It was the sort of electoral wave that Democrats hoped for last week, as Republican levees could no longer withstand the surge of voter anger. That cost them their majority status in the House, Senate, governorships and state legislative chambers in the process.
When all was said and done, Democrats captured at least 29 seats in the U.S. House, with another 10 still too close to call (most political observers believe the final tally will be a 32-33 seat pickup). In the Senate, Democrats ran the tables to retake control of that chamber, dealing an enormous setback to Sen. Mitch McConnell (R), who had effectively locked up what most believed was the post of Senate majority leader. Instead, that honor goes to Sen. Harry Reid (D-Nev.).
Seismic political shifts were felt across the country as Democrats picked up Republican-held governor seats in New York, Ohio, Massachusetts, Colorado, Maryland and Arkansas. For the first time since 1994 (a recurring theme, you’ll notice), they hold the majority of the nation’s governorships (28 seats).
Perhaps more relevant to the average citizen is the shift in state legislatures, where Democrats picked up 320 more seats, adding up to new majorities in nine chambers, and now hold one-party control in 15 states (the most since 1994), including New Hampshire for the first time since 1874.
More remarkable is that, for the time in history, Democrats didn’t lose even one seat in either the House, Senate or the governorships.
While exit polling attributed the backlash to several reasons — from Iraq to political corruption to dissatisfaction over Republican handling of government spending and the deficit — Democratic gains came from all corners:
• 59 percent of Independents voted for Democratic congressional candidates this year, compared to 52 percent in 2004 and 49 percent in 2002.
• Democratic support among 18- to 29-year-olds rose from 51 percent in 2002 to 56 percent in 2004 to 61 percent this year.
• Even among people who earn $100,000 a year — those best positioned for additional tax cuts under a Republican-led Congress — the share of Democratic support rose from 36 percent in 2002 to 48 percent in 2006.
Regionally, both Indiana and Ohio saw enormous Democratic gains. Indiana — a state that has voted Republican in 16 of the last 17 presidential elections — sent three new Democrats to Congress and took control of the state House. In Ohio, Republicans lost a Senate seat and were swept from all statewide offices and took back the governorship for the first time in 16 years.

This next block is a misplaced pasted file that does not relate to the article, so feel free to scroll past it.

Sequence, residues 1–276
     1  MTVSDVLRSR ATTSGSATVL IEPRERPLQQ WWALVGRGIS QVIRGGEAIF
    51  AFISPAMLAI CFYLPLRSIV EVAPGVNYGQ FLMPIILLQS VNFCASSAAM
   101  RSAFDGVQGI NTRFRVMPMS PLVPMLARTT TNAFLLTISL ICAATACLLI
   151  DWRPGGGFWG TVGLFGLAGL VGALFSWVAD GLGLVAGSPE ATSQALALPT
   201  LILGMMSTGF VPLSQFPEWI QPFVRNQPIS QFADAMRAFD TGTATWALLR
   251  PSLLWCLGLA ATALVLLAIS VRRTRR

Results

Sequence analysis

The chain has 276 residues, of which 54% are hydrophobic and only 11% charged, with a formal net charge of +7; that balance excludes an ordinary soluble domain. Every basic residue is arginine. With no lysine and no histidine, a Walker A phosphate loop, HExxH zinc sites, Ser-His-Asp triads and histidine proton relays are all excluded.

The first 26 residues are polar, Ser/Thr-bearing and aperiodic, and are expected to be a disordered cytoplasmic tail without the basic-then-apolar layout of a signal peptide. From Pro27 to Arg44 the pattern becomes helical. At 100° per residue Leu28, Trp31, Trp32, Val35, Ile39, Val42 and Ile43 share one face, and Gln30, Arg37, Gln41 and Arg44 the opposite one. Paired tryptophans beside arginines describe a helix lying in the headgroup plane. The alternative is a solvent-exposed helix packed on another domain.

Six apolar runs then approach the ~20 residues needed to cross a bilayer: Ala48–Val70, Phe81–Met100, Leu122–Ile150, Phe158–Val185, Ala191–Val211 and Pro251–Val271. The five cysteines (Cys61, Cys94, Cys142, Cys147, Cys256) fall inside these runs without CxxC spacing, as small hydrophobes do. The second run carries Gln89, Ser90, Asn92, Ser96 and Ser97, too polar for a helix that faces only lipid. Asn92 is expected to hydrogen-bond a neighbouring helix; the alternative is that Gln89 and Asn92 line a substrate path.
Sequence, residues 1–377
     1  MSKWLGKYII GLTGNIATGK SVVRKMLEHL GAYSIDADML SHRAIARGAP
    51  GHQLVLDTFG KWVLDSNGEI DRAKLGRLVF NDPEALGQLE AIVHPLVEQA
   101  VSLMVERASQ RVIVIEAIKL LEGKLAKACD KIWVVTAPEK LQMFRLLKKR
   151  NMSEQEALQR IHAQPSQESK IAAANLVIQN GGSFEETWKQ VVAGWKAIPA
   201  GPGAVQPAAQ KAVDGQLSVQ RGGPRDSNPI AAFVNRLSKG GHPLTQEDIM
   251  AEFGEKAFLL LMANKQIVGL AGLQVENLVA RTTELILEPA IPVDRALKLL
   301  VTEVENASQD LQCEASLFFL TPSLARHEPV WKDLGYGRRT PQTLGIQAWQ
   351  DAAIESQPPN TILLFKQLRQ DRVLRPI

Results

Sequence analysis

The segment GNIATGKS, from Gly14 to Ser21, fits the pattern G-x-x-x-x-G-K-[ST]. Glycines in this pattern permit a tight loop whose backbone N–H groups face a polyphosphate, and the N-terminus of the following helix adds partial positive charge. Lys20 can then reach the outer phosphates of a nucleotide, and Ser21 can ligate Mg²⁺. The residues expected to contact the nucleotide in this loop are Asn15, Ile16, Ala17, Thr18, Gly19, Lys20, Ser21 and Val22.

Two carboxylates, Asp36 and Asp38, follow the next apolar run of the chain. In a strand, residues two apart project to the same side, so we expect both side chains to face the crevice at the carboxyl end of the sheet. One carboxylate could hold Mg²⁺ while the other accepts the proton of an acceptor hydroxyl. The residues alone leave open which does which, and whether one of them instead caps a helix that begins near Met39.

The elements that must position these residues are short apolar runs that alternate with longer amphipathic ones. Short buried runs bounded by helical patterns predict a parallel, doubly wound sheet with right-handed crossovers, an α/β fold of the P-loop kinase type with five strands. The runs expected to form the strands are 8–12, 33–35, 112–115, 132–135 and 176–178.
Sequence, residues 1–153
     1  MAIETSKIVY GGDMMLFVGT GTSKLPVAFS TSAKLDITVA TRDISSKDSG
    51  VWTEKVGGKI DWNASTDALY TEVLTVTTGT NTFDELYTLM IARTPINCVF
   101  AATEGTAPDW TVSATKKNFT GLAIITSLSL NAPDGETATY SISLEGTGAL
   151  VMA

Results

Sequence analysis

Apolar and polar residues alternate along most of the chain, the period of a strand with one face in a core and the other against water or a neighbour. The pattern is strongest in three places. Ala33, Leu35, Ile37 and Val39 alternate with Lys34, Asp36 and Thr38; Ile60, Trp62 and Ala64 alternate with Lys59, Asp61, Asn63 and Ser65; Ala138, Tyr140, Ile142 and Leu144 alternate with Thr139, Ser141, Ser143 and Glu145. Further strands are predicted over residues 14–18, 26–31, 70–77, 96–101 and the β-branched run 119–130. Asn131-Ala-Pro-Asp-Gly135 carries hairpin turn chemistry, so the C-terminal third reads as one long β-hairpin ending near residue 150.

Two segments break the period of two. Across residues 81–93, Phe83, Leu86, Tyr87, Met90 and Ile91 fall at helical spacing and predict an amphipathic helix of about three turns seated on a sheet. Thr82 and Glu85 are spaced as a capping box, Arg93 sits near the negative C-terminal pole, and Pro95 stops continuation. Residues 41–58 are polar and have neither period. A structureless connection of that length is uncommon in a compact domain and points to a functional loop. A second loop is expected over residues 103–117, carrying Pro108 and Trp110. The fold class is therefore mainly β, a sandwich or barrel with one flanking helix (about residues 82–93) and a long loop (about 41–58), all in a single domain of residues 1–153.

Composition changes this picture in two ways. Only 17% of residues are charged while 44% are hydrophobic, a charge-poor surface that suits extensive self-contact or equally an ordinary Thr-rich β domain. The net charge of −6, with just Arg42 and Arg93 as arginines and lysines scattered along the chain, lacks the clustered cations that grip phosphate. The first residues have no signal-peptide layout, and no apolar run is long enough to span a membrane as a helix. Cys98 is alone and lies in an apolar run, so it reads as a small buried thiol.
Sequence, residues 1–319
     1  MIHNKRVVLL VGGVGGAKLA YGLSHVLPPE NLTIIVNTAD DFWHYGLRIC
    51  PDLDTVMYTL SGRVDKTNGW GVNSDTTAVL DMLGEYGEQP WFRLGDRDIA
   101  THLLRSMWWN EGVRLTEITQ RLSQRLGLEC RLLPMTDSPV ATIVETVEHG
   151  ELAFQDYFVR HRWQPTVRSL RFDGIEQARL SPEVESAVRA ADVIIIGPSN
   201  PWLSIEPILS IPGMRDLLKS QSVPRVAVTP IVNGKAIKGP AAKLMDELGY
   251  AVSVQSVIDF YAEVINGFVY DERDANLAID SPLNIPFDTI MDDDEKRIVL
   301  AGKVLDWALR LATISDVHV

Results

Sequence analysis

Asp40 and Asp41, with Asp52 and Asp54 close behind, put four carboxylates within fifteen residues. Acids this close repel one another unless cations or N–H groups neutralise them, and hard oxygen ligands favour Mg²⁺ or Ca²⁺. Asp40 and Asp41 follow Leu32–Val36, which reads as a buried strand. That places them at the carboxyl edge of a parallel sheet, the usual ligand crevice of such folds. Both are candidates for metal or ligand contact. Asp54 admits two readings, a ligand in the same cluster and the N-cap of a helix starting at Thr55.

Here in Kentucky, the national surge resembled only a few localized storms, with one big exception — the 6,000-vote victory of John Yarmuth (D) over U.S. Rep. Anne Northup (R) — and many are asking how the Kentucky Democratic Party underperformed so badly in such a fertile environment (a narrative I’ll save for another column).
But Yarmuth’s victory was the product of his own hard work and determination, as neither the KDP nor national Democrats did much, if anything, for him until they thought he might actually win. Now Yarmuth joins U.S. Rep. Ben Chandler (D) as the only members of Kentucky’s federal delegation in the majority party.
Beyond that, Democrats picked up five seats in the state House but failed to eat into the Republican margin in the state Senate, and lost in their bid to knock off either Rep. Geoff Davis (R) or Rep. Ron Lewis (R).
Nevertheless, Democrats are riding high nationally. Next week, they’ll elect Rep. Nancy Pelosi (D-Calif.) as the first-ever female Speaker of the House, and they’ve announced an ambitious — and popular — agenda for their first 100 hours in power when they intend to raise the minimum wage, compel drug companies to negotiate prices for Medicare recipients, approve all the recommendations of the 9/11 Commission, pass tough new ethics and lobbying laws, dump the ban on federal funding for research involving new lines of stem cells, and enact rules to curtail runaway government spending.
And while Democrats must work hard to ensure that their large incoming freshman House class can survive an expected Republican counter-offensive in 2008, their prospects for holding the Senate looks promising, as Republicans must defend 21 of 33 seats up for election in 2008.
But before then, Democrats must live up to expectations set by an angry electorate, to shift focus from that of loyal opposition to a majority party that voters this year have entrusted to clean up the mess in Washington. It’s a big job.